Edwina Bartholomew: Sunrise presenter on mother’s guilt and Witchery White Shirt campaign 2024 | Stellar

In an interview with the Stellar podcast Something To Talk About, Sunrise presenter and Witchery White Shirt Campaign ambassador Edwina Bartholomew tells host and editor-in-chief Sarrah Le Marquand about the conversation she ignited when she revealed that she and her husband live separately during the week, explains why she won’t be shamed into feeling bad about her parenting choices and reveals the contents of the text messages she can’t help sending in the middle of the night.

You became a Stellar columnist this year, and your first official column – which was published in March – got a massive response. You’d already spoken about how you

and your husband Neil sleep in separate bedrooms; this time, you revealed that

you live in separate houses during the week. What was the reaction?

Well, today [April 21] is actually my [sixth] wedding anniversary, and I can confirm we are still married. It was an amazing response. It’s just something people don’t talk about, but so many couples do. It absolutely went bananas, because I think it’s not “the done thing”. So when you talk about what you’re doing in your relationship that just works for you – and that’s it for us, for many reasons and on many levels – I think that resonates. I was just being honest, [which] is what I’ve tried to be in all facets of my life, be it social media, TV and now in my writing.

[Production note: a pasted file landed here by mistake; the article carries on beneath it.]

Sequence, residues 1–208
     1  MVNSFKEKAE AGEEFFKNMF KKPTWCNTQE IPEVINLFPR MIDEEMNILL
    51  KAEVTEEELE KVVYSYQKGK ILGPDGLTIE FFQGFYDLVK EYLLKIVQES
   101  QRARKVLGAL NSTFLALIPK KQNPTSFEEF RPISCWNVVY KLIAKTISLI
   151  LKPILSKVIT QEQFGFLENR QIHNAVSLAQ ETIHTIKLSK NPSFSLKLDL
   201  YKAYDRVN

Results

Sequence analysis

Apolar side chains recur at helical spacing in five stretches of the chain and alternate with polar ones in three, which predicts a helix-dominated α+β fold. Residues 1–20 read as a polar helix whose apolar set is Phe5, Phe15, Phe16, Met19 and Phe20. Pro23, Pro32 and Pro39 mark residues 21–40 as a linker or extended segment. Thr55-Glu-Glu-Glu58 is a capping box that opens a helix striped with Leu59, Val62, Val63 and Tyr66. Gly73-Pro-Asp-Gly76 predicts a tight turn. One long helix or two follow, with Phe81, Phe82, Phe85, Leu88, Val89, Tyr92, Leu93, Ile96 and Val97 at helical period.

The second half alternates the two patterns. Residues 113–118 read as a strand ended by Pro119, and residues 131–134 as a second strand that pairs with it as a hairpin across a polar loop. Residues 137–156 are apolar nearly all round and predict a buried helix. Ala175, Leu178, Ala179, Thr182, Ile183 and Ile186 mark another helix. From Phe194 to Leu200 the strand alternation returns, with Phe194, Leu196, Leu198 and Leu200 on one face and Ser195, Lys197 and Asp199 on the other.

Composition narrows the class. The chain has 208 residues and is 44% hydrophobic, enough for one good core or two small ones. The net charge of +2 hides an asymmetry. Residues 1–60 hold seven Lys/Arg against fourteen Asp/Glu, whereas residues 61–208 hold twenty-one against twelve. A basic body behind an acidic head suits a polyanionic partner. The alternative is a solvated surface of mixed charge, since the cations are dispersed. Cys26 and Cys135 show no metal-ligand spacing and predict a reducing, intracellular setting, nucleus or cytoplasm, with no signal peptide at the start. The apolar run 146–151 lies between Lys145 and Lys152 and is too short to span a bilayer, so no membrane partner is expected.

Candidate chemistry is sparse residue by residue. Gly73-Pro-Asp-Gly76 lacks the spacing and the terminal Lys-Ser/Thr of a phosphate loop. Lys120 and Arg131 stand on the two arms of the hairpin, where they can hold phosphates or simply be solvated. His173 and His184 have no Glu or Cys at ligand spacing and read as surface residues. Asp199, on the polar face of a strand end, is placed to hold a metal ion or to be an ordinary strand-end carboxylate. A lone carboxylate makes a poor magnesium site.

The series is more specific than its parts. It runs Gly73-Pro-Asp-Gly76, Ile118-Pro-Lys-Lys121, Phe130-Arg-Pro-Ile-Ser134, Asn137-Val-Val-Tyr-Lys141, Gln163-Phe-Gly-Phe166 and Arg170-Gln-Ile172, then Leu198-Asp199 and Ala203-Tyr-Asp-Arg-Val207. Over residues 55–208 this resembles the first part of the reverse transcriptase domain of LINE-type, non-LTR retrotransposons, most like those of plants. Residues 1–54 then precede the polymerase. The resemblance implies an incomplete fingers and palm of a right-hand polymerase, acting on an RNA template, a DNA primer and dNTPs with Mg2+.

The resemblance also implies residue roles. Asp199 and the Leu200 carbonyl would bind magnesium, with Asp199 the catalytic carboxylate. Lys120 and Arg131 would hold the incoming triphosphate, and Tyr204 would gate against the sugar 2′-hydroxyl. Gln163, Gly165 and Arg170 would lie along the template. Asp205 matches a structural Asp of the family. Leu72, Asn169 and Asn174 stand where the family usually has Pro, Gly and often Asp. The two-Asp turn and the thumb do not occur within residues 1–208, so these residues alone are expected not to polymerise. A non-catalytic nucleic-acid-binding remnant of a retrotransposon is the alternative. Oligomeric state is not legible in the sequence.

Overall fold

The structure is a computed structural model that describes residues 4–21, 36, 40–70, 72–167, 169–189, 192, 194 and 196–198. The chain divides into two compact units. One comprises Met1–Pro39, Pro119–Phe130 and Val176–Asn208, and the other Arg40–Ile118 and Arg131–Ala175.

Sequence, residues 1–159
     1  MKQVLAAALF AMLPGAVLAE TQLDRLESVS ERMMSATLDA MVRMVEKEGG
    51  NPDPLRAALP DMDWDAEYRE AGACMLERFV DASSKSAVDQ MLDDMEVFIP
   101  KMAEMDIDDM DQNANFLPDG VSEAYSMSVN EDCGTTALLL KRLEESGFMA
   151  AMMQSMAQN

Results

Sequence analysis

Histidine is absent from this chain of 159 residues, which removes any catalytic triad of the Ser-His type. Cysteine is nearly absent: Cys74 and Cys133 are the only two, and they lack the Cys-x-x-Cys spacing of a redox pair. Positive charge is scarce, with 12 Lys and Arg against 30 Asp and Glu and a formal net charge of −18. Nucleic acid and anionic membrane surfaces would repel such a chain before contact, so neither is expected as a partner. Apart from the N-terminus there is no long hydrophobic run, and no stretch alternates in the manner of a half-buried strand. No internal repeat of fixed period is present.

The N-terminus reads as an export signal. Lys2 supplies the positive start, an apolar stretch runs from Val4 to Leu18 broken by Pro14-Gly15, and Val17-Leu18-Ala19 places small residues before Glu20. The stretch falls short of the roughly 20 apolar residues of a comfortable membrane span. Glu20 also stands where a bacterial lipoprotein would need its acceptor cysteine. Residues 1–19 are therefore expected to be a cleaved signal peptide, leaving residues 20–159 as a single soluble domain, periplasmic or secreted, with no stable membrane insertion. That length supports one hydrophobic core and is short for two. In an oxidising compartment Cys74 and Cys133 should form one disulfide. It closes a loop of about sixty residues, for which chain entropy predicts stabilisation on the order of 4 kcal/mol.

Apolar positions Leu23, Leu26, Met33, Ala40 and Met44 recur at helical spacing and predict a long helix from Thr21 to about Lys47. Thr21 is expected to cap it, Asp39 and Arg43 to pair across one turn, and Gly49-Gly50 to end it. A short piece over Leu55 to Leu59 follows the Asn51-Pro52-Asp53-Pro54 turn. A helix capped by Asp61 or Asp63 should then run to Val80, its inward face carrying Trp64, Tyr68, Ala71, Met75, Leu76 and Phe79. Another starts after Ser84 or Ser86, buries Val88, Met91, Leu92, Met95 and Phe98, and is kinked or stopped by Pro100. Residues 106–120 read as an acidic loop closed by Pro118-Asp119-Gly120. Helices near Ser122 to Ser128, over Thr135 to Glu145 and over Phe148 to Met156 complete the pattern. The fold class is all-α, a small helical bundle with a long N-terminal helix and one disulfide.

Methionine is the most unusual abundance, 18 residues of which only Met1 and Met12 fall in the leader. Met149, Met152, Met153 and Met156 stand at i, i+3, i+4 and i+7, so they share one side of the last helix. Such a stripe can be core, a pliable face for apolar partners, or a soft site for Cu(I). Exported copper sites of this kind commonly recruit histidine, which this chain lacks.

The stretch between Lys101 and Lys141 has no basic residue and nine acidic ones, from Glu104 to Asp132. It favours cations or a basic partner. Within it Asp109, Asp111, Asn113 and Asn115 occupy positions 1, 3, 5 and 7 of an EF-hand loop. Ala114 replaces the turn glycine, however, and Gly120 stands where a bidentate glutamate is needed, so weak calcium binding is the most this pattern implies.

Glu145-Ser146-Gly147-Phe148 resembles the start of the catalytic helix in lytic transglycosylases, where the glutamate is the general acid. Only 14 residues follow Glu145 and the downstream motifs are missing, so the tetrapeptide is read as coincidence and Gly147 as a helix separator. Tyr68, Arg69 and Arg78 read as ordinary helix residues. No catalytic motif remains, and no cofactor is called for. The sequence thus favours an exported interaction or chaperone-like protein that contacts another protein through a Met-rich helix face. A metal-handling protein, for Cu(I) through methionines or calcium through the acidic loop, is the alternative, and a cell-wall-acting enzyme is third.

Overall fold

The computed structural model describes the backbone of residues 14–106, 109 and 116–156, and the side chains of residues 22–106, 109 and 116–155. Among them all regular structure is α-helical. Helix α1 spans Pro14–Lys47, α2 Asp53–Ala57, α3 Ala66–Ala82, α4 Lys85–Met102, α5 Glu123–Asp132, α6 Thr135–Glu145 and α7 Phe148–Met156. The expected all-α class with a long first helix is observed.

Listen to the full interview with Edwina on Something To Talk About below:

I know people reached out and thanked you for talking about your situation, saying things like “I thought it was just us.” Clearly many of us are increasingly questioning so-called conventional norms. We see it across the board, with people talking about the troubles they might have had with breastfeeding or the fact their kid doesn’t sleep or, on the other end of the spectrum, talking about menopause. We’re seeing a lot of honest conversations on issues that perhaps were never spoken about in the public domain before. And maybe that’s because we’re hearing more female voices. Or maybe it’s OK to be different and run your own race. If anything, what I’ve learnt from being a journalist for 20 years is you never know what’s going on in someone’s life – how they deal with it, how they get through each day. I teach that to my kids. If someone is mean in the playground, I say, “Well, maybe they’ve got something going on or they’re having a bad day, and that’s OK. Give them a chance the next day.”

Your daughter, Molly, is now four, and your son, Thomas, is two. Here at Stellar we try not to ask people how they juggle it all, especially mums, because even in 2024 there’s seemingly still a huge legacy of “mother guilt” that follows every working mother.